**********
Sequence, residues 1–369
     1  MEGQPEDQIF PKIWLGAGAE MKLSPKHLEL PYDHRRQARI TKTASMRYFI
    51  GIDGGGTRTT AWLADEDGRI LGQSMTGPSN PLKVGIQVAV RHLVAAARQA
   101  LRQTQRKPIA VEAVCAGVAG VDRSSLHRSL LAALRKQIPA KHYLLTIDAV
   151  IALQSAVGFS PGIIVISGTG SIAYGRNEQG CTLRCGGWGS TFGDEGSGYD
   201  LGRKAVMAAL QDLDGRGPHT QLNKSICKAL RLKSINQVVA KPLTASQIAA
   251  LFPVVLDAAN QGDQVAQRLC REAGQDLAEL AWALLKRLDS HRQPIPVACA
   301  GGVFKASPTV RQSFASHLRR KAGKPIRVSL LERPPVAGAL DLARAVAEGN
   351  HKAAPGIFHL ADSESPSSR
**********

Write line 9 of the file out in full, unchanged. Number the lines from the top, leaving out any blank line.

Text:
   351  HKAAPGIFHL ADSESPSSR